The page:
Effects of Dietary Carbohydrate and Fat on Hormones
This study will try to determine if intake of dietary fats or carbohydrates influences the tendency to gain weight or accumulate body fat. It will examine how the hormones that regulate weight may change with a shift from a balanced diet to one that is low in fat or carbohydrate, irrespective of caloric intake.
Men and women between the ages of 18 and 40 years with a body mass index of 30 to 49 kg/m2 may be eligible for this study. Candidates will be screened with a history, physical examination, blood tests and questionnaires regarding activity, prior diets, and eating patterns.
Participants will follow two separate diet regimens for 5 days each. The first will be a balanced diet, and the second will be either a low-fat/high-carbohydrate diet or a low-carbohydrate/high-fat diet. The diets are not designed to produce weight loss. Participants will receive all their meals and snacks for the two diets from the National Institutes of Health and, for the first 3 days of each diet, will be seen as outpatients. For days 4 and 5 of each diet, they will be admitted to the Clinical Center and will undergo the following procedures:
- Blood tests - Blood samples will be collected every 30 minutes over a 24-hour period through an indwelling catheter in the arm. A total of about 15 tablespoons will be drawn for each of the two diets.
- 24-hour urine collection - One 24 hour urine collection will be done at home the day before admission to the Clinical Center, and the other will be done during the hospital stay.
- Urinalysis and pregnancy test - A small urine sample will be taken and women will provide an additional sample for a pregnancy test.
- Body measurements - Height and weight will be measured using scales. Body fat will be measured by two methods: skin fold thickness, measured with calipers in 5 separate places; and body circumference measurements, in which body parts are measured with a tape measure.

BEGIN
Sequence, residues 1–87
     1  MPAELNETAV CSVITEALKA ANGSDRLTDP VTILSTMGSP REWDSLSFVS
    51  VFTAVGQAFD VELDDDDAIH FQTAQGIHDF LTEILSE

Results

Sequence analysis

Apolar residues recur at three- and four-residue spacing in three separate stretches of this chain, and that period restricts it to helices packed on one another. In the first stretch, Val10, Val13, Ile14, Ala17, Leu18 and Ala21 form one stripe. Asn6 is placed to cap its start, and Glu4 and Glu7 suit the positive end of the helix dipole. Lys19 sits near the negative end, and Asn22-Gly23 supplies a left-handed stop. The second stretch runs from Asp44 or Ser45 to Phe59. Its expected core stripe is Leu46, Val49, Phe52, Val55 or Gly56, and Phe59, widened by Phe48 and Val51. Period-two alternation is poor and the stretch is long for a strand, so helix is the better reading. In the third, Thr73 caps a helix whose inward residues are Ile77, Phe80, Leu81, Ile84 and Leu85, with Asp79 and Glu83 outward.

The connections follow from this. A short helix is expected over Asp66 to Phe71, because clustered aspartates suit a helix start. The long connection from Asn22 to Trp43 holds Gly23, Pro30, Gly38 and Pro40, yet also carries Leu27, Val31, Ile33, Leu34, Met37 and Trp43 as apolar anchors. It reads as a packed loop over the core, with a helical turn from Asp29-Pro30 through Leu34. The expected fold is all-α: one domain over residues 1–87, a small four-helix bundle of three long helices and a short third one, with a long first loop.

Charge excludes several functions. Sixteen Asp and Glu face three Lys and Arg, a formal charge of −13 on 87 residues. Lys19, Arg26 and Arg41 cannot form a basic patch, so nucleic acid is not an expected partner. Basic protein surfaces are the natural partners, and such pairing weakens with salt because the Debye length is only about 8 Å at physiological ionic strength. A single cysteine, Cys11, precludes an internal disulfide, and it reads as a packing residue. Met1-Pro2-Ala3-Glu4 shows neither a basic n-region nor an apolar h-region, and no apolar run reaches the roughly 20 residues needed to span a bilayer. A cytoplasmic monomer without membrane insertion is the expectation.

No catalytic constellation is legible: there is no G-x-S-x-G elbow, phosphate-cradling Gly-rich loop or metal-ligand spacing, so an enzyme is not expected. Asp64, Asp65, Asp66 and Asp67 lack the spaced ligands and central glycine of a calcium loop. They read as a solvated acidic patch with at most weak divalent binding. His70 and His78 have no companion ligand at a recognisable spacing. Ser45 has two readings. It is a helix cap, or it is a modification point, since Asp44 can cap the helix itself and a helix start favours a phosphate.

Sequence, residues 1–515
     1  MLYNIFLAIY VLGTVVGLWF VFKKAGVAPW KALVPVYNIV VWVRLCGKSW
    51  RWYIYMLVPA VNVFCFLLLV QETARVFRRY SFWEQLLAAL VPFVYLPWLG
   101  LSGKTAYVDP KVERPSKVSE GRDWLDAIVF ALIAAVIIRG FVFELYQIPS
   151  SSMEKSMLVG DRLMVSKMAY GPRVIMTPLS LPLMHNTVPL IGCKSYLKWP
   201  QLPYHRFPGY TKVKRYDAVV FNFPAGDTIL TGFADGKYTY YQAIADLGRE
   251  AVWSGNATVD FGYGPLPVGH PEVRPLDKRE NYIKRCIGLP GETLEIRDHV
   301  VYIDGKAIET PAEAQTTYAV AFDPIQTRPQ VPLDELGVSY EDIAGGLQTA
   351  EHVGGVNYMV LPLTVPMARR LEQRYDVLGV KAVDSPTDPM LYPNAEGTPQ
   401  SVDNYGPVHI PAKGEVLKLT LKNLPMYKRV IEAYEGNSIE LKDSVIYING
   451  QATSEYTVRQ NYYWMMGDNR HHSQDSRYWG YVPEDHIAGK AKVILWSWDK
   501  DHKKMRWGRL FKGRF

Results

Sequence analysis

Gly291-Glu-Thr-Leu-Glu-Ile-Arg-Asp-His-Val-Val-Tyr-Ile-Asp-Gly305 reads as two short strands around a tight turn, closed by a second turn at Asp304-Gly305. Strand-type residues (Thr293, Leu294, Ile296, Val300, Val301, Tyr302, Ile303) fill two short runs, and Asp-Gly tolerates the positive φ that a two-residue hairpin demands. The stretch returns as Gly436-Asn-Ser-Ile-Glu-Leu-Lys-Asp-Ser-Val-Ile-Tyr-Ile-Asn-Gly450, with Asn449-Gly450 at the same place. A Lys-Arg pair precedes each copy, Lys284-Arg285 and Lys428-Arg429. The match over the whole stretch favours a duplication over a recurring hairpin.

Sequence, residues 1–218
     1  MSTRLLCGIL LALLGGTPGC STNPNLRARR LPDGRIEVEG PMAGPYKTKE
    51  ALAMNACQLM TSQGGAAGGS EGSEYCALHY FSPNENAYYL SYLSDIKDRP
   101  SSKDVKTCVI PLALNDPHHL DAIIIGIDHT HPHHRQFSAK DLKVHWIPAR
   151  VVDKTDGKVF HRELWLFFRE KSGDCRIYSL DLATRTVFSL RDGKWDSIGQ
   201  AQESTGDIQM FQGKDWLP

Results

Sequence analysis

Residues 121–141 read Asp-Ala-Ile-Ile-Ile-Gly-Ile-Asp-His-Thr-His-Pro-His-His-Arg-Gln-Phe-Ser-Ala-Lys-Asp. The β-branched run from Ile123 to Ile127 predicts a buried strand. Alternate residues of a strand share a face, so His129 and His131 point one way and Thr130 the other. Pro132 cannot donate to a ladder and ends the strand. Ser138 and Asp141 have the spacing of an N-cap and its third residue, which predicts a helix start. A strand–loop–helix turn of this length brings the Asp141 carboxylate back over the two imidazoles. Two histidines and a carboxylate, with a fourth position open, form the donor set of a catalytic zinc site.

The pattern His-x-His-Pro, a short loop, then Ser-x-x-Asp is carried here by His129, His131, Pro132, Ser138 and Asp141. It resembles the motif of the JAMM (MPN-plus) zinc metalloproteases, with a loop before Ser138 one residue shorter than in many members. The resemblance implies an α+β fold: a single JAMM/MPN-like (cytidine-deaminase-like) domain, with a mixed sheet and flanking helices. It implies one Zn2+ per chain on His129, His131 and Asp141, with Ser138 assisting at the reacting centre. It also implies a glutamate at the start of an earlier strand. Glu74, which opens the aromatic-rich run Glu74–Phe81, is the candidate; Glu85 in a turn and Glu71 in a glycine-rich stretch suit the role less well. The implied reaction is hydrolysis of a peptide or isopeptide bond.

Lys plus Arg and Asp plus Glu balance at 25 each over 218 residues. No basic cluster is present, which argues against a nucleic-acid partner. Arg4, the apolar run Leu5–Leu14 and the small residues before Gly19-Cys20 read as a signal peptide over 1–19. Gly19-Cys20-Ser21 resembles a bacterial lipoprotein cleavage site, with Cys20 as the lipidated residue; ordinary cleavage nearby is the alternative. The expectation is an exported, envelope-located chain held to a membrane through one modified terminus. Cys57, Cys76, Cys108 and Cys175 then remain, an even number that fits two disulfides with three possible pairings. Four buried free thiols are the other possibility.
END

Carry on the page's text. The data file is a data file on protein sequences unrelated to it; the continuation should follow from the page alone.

- Bod pod measurement - Proportions of fat and non-fat tissue in body weight are measured while the participant sits in a capsule-like device for 5 minutes.
- Bioelectric impedance analysis - Proportions of body fat are measured based on conduction of a small electric current.
- Total body water estimate -The proportion of body weight that is water is determined, using a method that involves drinking a cup of a special kind of "heavy" water (deuterium) and then measuring the amount of heavy water in a urine sample taken after 4 hours.
- Exercise - Participants will maintain their usual exercise routine, as it was before beginning the study.
|Official Title:||The Effects of Dietary Carbohydrate and Fat on Hormone Regulators of Body Composition and Reproduction|
|Study Start Date:||June 2001|
|Estimated Study Completion Date:||May 2003|
Caloric restriction triggers a number of homeostatic endocrine responses including suppression of leptin, gonadotropins, sex steroids, thyroid hormones, insulin and insulin like growth factors (IGFs) and elevation of growth hormone (GH) and cortisol. Some of these effects may be disadvantageous in terms of achieving loss of adipose tissue. There is little information on the role of specific macronutrients in the regulation of these important endocrine responses to food restriction. The present study aims to determine if dietary carbohydrate and/or lipid composition has significant effects on these hormonal regulators of body composition and metabolism, independent of total calorie supply. This will be achieved by comparing the short-term effects of isocaloric, weight maintenance diets restricted in either fat or carbohydrate with a standard balanced diet. Protein contribution as well as calorie content will be held constant in the 3 diets. Study subjects will be obese women and men (BMI 30-34.9 kg/m2) aged 18-40 years. Major study outcome parameters include: leptin, gonadotropin, GH and cortisol secretory dynamics; sex steroid, IGF, fasting insulin and glucose levels.
Please refer to this study by its ClinicalTrials.gov identifier: NCT00016848
|United States, Maryland|
|National Institute of Child Health and Human Development (NICHD)|
|Bethesda, Maryland, United States, 20892|